Roughly 80% of people with myotonic dystrophy – a common form of muscular dystrophy – experience dangerous heart ailments, and heart rhythm defects are the second-leading cause of death in those with the condition. In a new study, researchers traced the molecular events that lead to heart abnormalities in myotonic dystrophy and recreated the disease in a mouse model.
They report their findings in the journal Developmental Cell.
“In this study, we discovered that the genetic abnormalities associated with myotonic dystrophy lead to the overproduction of an alternative-splicing factor that regulates how cells process other proteins,” said Auinash Kalsotra, a professor of biochemistry at the University of Illinois at Urbana-Champaign who led the work. He is a faculty member in the Carl R. Woese Institute for Genomic Biology and in the Cancer Center at Illinois.
The alternative-splicing factor comes in two forms, called muscle and nonmuscle RBFOX2. Both alter RNA transcripts by splicing them before they are translated into proteins. The nonmuscle form of the protein is elevated in the heart muscles of people with myotonic dystrophy, the researchers found.
“When we engineered mice to express this wrong version of the protein in the heart, they developed the same heart irregularities seen in humans with myotonic dystrophy,” Kalsotra said. “We decided to investigate further why expression of the nonmuscle RBFOX2 variant in the heart triggers arrhythmias.”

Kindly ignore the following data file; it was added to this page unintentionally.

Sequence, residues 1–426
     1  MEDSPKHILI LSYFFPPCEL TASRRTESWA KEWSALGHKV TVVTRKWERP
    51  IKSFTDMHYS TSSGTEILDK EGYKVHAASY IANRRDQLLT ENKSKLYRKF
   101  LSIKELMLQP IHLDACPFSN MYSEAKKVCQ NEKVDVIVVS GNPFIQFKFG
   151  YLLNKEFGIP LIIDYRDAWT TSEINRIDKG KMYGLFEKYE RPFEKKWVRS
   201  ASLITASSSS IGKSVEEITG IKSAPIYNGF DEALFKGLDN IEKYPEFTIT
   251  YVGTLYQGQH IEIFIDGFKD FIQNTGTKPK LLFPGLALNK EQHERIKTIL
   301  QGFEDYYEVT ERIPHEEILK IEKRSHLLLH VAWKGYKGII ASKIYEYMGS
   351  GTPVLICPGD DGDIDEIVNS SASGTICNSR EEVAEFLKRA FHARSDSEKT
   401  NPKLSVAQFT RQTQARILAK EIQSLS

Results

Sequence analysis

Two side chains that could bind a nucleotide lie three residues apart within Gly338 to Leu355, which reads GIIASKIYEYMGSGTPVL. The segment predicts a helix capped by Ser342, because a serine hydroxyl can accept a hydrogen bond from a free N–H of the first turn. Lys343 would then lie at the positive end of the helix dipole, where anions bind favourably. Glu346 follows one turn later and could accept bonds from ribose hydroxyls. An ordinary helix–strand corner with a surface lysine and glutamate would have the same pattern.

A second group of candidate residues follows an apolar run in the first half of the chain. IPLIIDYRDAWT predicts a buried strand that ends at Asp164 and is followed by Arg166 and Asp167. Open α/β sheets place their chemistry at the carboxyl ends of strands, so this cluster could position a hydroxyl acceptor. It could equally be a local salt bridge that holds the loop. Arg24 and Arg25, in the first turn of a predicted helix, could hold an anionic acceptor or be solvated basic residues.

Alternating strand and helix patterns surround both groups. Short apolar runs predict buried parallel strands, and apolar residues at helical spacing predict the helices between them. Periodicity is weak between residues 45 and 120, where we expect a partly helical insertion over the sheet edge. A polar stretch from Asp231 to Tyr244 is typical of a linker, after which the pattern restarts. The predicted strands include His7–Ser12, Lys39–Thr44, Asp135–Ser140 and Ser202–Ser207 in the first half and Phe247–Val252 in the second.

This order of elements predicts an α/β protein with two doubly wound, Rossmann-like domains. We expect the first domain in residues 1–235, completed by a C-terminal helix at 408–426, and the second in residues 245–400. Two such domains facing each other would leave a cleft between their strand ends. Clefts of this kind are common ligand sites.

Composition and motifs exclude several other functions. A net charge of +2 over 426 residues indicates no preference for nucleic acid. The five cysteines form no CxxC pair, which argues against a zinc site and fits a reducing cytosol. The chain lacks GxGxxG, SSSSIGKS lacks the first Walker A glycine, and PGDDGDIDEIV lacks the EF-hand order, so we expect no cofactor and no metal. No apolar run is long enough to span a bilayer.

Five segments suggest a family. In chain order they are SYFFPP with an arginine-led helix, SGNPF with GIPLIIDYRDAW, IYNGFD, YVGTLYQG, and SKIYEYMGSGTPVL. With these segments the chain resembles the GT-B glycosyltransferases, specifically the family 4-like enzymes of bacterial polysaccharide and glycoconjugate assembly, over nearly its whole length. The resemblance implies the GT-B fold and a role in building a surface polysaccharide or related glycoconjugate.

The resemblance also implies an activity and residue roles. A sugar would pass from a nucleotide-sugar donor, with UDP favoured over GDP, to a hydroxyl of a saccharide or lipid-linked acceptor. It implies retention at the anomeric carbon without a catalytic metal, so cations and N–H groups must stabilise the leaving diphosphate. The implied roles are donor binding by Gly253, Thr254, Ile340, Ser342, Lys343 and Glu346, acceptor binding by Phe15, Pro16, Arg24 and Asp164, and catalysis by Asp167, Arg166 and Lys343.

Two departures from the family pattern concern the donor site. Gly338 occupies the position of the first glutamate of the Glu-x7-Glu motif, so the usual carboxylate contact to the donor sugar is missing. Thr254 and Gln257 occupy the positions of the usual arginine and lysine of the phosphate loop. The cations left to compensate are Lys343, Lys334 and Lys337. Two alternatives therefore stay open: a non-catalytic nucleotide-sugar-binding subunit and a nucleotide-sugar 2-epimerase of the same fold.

“By looking at cardiac gene-expression data and focusing on which gene transcripts are altered by the nonmuscle RBFOX2 in myotonic dystrophy patients, we discovered that it induces abnormal splicing of proteins that make up the major potassium and sodium channels in heart cells,” said Chaitali Misra, a postdoctoral research scientist in the Kalsotra laboratory and the first author of the study. “These channels are essential to the propagation of electrical signals across heart muscle, and their aberrant splicing causes major cardiac conduction defects.”
“This disrupts the normal rhythm and function of the heart in individuals with myotonic dystrophy,” Kalsotra said.
“Our results have answered a long-standing question of why myotonic dystrophy patients develop cardiac dysfunctions and offers new insights into previously unknown mechanisms causing arrhythmias in the heart,” he said. “We expect these findings will help explore new approaches for treating cardiac arrhythmias and bring us closer to finding a cure for this disease.”
The research team included U. of I. graduate student Sushant Bangru; undergraduate students Feikai Lin and Darren J. Parker; Thomas A. Cooper, of Baylor College of Medicine; Sara N. Koenig, Ellen R. Lubbers and Peter J. Mohler, of Ohio State University; and U. of I. postdoctoral fellow Jamila Hedhli, graduate student Kin Lam, bioengineering professor Lawrence W. Dobrucki and biochemistry professor Emad Tajkhorshid, all of whom are affiliated with the Beckman Institute for Advanced Science and Technology at Illinois.
The National Institutes of Health, Muscular Dystrophy Association and American Heart Association funded this research.